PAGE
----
“The only way that we can live is if we grow. The only way that we can grow is if we change. The only way that we can change is if we learn. The only way we can learn is if we are exposed. And the only way that we can become exposed is if we throw ourselves out into the open. Do it. Throw yourself.” -C. Joybell
I am coming to the end of an era in my life as my youngest daughter celebrates her 15th birthday this week. Mothering my four children has been my primary occupation for the last half of my life and now, as I near the end of this growth cycle, I am coming to see what has yet to grow in me. Somehow as I was having all these babies I never realized how old I would become when the job was done. I remember a few random moments pushing a swing, when I would calculate how old I would be when this last little girl would graduate from high school, but then the idea of this time so far in the future felt like fiction. Imagining my two–year-old at fifteen was as unimaginable to me as my then 37-year-old self turning 52.
It is that time of year again, when the garden performs its ritual magic of re-creating itself anew. Regardless of the challenging and changeable winter weather conditions, the perennials in the garden re-emerge each spring, a blooming demonstration of what it means to weather the storms of life. Perennials for me are the defining feature of an evolving garden, because we trust them year after year to sustain the shape of our garden. Finding the source of perennial sustenance in our selves is how we shape our own evolution. For me, after years of searching outside of myself, I am finally waking up to the singular truth of life that has been articulated by way smarter people than me- that our world is created from the inside out.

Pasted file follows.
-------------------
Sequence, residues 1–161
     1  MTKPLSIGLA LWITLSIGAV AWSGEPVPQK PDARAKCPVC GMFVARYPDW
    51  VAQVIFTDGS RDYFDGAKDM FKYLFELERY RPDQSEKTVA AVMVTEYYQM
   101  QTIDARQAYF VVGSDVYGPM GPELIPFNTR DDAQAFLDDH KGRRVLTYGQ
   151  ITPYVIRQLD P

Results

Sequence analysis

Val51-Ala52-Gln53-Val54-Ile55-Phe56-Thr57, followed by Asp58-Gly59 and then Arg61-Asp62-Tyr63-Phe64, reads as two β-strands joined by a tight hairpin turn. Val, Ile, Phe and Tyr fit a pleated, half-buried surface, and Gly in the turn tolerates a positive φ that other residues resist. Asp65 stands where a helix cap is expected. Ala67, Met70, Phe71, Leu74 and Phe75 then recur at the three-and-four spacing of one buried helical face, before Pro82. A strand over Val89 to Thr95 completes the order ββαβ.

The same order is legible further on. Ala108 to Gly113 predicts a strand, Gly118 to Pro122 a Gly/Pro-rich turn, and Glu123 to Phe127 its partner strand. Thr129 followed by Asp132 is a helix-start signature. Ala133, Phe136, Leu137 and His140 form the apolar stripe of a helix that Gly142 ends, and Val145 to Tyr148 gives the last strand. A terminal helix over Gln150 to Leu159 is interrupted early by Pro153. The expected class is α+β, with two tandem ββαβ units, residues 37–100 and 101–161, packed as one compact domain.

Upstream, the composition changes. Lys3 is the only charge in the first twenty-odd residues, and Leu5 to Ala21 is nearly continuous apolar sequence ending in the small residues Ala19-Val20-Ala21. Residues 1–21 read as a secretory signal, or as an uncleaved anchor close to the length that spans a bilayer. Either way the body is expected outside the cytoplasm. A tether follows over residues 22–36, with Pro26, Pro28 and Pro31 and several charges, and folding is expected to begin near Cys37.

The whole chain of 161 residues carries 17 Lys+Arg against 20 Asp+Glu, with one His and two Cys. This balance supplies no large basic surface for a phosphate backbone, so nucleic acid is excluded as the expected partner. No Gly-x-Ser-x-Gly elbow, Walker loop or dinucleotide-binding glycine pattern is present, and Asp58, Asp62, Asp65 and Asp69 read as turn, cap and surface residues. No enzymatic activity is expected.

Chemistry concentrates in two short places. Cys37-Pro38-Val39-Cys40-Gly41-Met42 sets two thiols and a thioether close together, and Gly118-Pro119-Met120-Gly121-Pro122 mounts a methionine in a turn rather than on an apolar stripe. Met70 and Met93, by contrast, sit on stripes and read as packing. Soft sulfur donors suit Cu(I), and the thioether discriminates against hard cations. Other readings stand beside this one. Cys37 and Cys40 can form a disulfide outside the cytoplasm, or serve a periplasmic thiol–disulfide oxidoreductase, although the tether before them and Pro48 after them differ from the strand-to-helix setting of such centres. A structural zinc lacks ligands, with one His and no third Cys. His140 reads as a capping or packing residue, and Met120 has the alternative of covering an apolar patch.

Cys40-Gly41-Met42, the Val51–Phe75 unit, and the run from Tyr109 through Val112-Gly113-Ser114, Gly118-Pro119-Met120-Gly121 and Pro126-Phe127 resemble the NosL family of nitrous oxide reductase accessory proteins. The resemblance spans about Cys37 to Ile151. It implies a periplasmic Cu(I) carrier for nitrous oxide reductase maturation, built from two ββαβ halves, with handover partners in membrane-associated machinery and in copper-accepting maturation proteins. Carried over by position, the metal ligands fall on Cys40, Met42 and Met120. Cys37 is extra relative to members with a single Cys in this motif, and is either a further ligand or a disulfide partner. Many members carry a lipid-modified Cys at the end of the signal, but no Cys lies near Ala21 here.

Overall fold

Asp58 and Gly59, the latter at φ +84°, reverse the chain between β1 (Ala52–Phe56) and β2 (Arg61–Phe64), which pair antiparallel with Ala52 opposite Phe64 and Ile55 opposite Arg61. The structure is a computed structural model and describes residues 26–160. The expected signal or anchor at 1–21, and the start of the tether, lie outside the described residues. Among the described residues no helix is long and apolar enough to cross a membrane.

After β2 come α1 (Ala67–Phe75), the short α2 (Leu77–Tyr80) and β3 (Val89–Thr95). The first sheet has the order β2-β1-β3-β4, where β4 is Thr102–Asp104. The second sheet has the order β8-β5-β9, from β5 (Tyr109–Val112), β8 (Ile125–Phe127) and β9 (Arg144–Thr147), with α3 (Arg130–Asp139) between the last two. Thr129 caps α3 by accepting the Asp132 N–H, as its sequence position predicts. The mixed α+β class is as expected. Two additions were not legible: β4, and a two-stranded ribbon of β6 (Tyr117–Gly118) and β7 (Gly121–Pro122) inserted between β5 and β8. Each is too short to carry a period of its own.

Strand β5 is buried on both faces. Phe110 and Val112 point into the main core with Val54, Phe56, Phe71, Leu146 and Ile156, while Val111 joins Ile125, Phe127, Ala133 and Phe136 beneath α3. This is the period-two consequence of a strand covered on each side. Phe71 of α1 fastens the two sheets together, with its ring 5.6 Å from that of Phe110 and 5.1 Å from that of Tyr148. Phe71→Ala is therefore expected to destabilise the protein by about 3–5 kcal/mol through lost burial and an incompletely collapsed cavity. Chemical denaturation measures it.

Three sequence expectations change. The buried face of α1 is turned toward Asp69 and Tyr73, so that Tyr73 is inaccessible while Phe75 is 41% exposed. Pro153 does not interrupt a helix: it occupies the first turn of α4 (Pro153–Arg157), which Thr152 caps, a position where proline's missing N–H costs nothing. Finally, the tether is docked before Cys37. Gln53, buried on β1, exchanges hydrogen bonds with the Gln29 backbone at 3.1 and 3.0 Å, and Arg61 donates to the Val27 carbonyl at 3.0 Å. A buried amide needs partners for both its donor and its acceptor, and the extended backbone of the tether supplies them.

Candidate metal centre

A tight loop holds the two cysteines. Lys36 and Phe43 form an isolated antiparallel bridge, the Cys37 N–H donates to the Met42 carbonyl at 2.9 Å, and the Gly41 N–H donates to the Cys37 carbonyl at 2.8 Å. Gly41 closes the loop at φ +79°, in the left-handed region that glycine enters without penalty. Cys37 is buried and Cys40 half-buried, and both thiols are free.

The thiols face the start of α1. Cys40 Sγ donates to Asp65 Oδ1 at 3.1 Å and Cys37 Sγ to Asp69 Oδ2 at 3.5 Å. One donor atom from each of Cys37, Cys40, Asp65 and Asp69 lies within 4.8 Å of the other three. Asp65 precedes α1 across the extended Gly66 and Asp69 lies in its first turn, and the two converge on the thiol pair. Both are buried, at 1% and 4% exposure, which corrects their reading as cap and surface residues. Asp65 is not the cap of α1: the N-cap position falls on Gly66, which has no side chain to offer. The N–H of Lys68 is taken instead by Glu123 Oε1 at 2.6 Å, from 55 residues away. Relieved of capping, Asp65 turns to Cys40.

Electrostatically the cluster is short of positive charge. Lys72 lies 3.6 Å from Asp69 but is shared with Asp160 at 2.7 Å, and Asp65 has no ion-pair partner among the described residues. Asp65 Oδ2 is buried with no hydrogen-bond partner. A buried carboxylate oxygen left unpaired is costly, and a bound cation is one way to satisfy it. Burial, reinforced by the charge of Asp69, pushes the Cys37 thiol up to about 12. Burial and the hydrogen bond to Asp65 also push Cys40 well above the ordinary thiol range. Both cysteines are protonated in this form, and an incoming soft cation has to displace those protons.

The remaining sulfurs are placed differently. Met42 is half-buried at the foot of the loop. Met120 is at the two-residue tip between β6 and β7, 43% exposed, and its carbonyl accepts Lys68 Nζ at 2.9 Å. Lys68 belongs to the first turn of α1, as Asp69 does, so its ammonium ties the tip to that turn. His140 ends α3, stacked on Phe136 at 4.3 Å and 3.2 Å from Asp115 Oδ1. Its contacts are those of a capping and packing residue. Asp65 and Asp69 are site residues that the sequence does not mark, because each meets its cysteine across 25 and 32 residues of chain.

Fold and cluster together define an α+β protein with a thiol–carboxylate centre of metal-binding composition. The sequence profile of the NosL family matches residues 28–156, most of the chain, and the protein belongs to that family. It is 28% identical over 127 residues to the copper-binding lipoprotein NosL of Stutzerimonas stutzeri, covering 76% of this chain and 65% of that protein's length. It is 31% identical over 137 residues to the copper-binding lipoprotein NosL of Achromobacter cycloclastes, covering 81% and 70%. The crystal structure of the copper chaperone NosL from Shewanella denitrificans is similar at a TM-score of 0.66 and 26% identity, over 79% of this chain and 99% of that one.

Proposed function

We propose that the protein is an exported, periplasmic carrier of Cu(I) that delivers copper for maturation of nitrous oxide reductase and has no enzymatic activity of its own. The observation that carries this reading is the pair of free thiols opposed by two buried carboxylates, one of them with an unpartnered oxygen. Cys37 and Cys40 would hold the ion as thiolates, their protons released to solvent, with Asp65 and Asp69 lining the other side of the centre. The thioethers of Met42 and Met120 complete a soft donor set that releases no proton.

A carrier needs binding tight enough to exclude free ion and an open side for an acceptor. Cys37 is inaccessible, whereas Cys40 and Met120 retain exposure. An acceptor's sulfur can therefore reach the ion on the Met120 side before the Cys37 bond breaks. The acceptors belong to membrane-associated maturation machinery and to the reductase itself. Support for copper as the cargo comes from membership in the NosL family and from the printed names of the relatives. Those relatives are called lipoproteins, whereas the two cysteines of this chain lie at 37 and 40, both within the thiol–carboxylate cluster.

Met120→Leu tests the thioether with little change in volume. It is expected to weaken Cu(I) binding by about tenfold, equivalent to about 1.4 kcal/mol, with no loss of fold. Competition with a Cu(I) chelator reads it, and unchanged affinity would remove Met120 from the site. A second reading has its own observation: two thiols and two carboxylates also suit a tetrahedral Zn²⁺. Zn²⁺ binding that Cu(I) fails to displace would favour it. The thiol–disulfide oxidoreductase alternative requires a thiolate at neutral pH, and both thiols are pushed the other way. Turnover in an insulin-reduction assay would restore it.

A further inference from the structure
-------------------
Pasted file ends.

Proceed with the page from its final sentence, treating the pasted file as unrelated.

We all have a sexual soul, or more accurately, a piece of our soul is reflected deeply in our sexuality. This sexual space that inhabits the deepest recesses of our consciousness is one of the most meaningful ways that we know ourselves, and, as the Bible suggests, is truly a garden. Yet, the metaphor of our sexuality as a garden is, in fact, way more mysterious than the simple judgments attached to taking a bite of an apple. Heeding the inner calls to explore and attend your unique garden of sexual delights is a direct route to self-discovery, self-expression and arguably, the essence of our soul’s ability to keep our life pro-creatively inspired.
I learned about weeds before I learned anything about gardens. For my 40th birthday my husband built me a beautiful, secure deer fence and I was told to use straw to augment and lighten the heavy clay soil. The straw turned out to be hay and seeded itself heartily throughout the space. I was overwhelmed with weeds that I had inadvertently planted. Later, after the hay crop was removed, as a novice gardener, I planted several varieties of plants that I was told had “magical” properties. Although I didn’t know them as weeds, they infiltrated throughout the flowers and vegetable beds with their sticky seed pods. For many years, weeding and gardening were synonymous. Removing the weeds was the prerequisite to creating the space to grow the garden I had envisioned. It also became a worthy metaphor for working on my marriage.